I like this book a lot. I am drawn to it. It is fast paced, has interesting characters, and even Roland – who I found so difficult in the first volume – is more engaging.
Wounded!Want to write a good book? I’m learning something as I read Stephen King – one element that seems pretty important is: Make your characters bleed!
King starts the novel by doing something rather daring – he severely cripples his primary character. Does this seem like a good idea when the tower is so far away? As a reader, I love it. I would think that this would give King pause as a writer. He is limiting himself to writing around Roland’s missing fingers for all remaining dark tower stories.
In the Gunslinger, Roland seemed mythic. The monstrosities he encounters on the beach humanize the ole chap. Roland will be allowed to continue his quest, but he will do it as a wounded man. This reminds me of Jacob wrestling with God. God pulled his leg out of joint, forcing the father of the Hebrews to walk with a limp for the rest of his life. This knocks the arrogant Jacob down more than a few pegs! It also forces him to rely on God and be kinder to others. King does this with his creation. By wounding Roland, the self confident gunslinger must now rely on others. He is not so self-sufficient after all.
More than crippling Roland with the loss of a few fingers, King also allows Roland to experience deep guilt over his betrayal of Jake. Of course, to really get the full impact of that betrayal, I think you have to read the original version of the Gunslinger – as it seems more tempered in the new version. The Drawing of the Three reveals that Roland is a man in desperate need of redemption.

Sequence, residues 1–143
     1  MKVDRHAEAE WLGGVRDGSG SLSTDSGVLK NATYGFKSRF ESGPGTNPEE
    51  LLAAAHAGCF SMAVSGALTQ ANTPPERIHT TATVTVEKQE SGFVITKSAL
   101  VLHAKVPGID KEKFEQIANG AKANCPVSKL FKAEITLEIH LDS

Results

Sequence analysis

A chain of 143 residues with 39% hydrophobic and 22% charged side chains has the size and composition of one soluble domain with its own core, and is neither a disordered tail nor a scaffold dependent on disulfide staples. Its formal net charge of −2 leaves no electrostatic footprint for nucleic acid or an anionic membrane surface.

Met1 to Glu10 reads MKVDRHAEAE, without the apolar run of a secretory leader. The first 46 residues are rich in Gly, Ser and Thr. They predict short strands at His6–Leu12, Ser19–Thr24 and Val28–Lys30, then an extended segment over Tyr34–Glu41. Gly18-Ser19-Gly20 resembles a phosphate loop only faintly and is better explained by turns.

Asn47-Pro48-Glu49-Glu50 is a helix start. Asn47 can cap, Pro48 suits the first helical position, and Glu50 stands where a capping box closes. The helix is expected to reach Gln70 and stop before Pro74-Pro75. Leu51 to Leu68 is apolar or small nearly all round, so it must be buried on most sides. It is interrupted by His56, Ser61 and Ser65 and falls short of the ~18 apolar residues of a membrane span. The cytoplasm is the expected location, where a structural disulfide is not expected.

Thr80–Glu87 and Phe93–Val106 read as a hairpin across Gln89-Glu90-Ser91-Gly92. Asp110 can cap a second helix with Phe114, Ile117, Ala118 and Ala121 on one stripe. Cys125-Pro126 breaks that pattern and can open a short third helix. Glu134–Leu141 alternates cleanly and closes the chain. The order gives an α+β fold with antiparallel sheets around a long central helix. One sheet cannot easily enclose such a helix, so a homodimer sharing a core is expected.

The people Roland will draw to himself are likewise very broken. If people seemed healthy in the Gunslinger, that well being is no where to be found in this novel! Not only is the gunslinger now in a world of hurt, but he will join to himself a druggie and a cripple. Some gang! But this is exactly what makes King’s writing so powerful.
Wounding the characters, limiting them in some way, makes them more interesting. What makes the story of David and Goliath so memorable? That David was small and weak. If Israel had just marched out their giant, and the Philistines had marched out there giant and the Hebrew giant killed the Philistine giant. . . there’s nothing to get excited about. It is only when little David comes out to fight mighty Goliath that his victory seems all the more incredible. In this case, it is this weak cast of characters coming against the Darkman and the Crimson King that make the story interesting. The deck is stacked against them.
Door Jam:One of my favorite parts of the novel is when Roland steps through the door and into Eddie Dean’s head! It’s brilliant! The first thing Roland sees is the horizon. He realizes that he is in a sky carriage. He has the good luck of stepping into someone’s body who happens to be smuggling drugs. Drugs are exactly what Roland needs!
New problems arise for me as I read through the Dark Tower again. These are problems I struggled with the first time I read this story. (Actually, I’ve read the first few books many many times).
Here’s my problem: Where did the doors come from? I don’t remember ever being told.
I once wrote a story – a very good story, in my 15 year old opinion of work – about a society cut off from the rest of the world. The discovered a cave full of books. The cave was lit by candles. (It was actually a bomb shelter) You see the problem. . . right? My sister immediately asked the most annoying question in the world: “Hey, who lights the candles?” I dunno! Maybe an old man with a dog named Harry. Beats me! Who lights the candles was not important to my story.
I fear that in much the same way – the origin of the doors is not important to King’s story. The doors simply move the story forward.
My wife says that the “how” is not important to the fantasy genre. Maybe that’s why I have trouble with this. At least in Science Fiction there has to be a bit of science. . . in fantasy, things just appear!
|picture credit by PAV|